Beit Midrash

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Why Wasn’t the Plague of Blood Enough?


Rabbi Yosef Tzvi Rimon

In our parsha, Pharaoh is struck with the first plague, that of blood. Seemingly, Moshe could have sufficed with this plague, for if Moshe had turned to Pharaoh and said, "I am not stopping the plague until you free Bnei Yisrael" (and he wouldn’t have relied on Pharaoh’s promises) without a doubt, Pharaoh would have relented and released Bnei Yisrael. What was the need for ten plagues?

According to the p'shat, during the first plague, Egypt had water, just not from the Nile River, "And all of Egypt dug around the Nile for drinking water, for they could not drink from the waters of the Nile (Shemot 7:24; see Ibn Ezra). Nonetheless, even in such a situation it is impossible to hold out for a long time, for the Nile is the primary source of water for Egypt. Furthermore, according to the derasha of Chazal (which is based on the p'shat in Shemot 7:19) all the water sources in Egypt turned to blood, even water that was in their homes, "In all of the land of Egypt- even in the baths and pools that were in their homes" (Rashi 7:19). If so, the question returns: why was there a need for the other plagues?

It seems that the conclusion is that there is an independent need for the plagues, beyond merely freeing B'nei Yisrael from Egypt. A close analysis of the verses demonstrates that the Torah repeats again and again certain phrases, such as "In order so that you shall know that I am Hashem in the land" (Shemot 8:18). The purpose of the plagues is to practically demonstrate G-d’s providence in the world. This means that the plagues are meant not only to punish Pharaoh, and not just to release B'nei Yisrael from bondage, but also to reveal the name of G-d in the world.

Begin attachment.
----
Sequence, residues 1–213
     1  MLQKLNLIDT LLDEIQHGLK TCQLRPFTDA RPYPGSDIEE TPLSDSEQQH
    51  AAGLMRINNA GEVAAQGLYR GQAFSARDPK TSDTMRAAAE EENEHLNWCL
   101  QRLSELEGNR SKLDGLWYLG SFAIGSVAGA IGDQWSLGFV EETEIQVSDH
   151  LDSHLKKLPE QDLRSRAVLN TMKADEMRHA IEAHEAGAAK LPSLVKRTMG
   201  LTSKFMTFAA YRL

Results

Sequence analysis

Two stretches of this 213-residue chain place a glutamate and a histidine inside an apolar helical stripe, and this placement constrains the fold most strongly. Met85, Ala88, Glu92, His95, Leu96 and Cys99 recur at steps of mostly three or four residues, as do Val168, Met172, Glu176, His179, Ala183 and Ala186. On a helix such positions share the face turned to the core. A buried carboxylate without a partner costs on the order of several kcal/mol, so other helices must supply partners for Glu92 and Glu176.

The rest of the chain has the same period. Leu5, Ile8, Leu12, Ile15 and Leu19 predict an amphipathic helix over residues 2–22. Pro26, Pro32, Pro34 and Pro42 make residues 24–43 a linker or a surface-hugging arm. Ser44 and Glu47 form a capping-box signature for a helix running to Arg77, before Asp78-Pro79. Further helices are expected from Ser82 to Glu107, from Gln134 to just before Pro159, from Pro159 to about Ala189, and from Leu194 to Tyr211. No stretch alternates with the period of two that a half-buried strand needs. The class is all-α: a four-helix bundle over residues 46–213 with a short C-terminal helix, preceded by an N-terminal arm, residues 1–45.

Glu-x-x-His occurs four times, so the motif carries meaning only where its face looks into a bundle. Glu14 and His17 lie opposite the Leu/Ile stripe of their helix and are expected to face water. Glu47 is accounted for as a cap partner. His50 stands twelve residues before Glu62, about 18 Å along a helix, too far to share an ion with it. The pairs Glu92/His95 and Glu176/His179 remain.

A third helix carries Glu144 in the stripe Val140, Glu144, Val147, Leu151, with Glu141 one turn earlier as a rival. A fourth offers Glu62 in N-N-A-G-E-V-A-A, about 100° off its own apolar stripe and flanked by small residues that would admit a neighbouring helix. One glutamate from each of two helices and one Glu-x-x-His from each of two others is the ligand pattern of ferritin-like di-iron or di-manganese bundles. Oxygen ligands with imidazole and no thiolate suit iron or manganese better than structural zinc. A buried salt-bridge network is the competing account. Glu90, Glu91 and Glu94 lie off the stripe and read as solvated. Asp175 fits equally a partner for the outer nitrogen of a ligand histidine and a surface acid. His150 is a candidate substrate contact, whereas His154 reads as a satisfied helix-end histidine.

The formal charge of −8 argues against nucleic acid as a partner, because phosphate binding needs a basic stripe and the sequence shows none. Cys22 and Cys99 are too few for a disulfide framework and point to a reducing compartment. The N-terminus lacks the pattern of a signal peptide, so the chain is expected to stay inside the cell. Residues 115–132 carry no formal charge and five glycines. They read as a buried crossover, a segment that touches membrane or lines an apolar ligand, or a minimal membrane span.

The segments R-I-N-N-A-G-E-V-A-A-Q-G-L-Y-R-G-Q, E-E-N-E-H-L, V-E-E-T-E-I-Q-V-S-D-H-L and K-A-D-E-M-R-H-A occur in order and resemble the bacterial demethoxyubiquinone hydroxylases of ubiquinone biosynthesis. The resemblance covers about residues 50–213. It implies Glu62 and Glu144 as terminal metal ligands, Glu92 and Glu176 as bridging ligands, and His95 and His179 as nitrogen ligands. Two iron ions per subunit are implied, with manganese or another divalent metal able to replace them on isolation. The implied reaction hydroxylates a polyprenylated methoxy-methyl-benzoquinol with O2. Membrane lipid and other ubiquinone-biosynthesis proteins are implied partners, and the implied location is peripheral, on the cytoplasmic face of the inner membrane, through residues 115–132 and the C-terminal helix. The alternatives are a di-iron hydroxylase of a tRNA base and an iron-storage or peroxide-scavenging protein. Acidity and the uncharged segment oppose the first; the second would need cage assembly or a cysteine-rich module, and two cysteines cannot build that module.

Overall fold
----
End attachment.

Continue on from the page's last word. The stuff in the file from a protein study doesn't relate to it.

It is reasonable to assume there is added meaning to the plagues of Egypt that we will encounter through analyzing an additional question. The Torah describes how Hashem hardens the heart of Pharaoh. If so, why was Pharaoh punished, for it was Hashem who hardened his heart?!

It seems both questions are dependent on each other. It is possible to say that Hashem didn’t do any direct action to harden the heart of Pharaoh but gave Pharaoh the feeling as if he can oppose Hashem. This feeling is nurtured in Pharaoh through the Ten Plagues. Hashem strikes the house of Egypt with the plague of blood. As a result, Pharaoh promises to release Am Yisrael, and following his promise the plague of blood is removed. Afterwards, Pharaoh retracts his promise and he feels as if he can act in opposition to G-d, fool Him, and in the end the plague will be removed.

It is possible that this is the hardening of Pharaoh’s heart, giving him the feeling that as if he is the one is control of the situation. Therefore, the Ten Plagues were needed (for they brought about hardening his heart) and therefore there is no problem in punishing Pharaoh, for Hashem didn’t harden his heart, but only created a situation that enabled him to feel as if he can fool G-d (I heard this from My Rav and teacher HaRav Meidan, and similarly see Abarbanel Shemot 7:3; Sefer HaIkarim, 4:25).

So too with us, we do not always see Hashem’s providence clearly. If only we saw how G-d punishes every sin or rewards for every mitzva, we would not have freedom of choice, and we would certainly only do G-d’s will. Hashem gives us the possibility to act, as if, against His will, but we need to be careful that we should not harden our own hearts, that we shouldn’t feel as if we can do whatever we want. Freedom of choice is given to us in order to enable us to recognize that our freedom is to do the will of G-d in this world.
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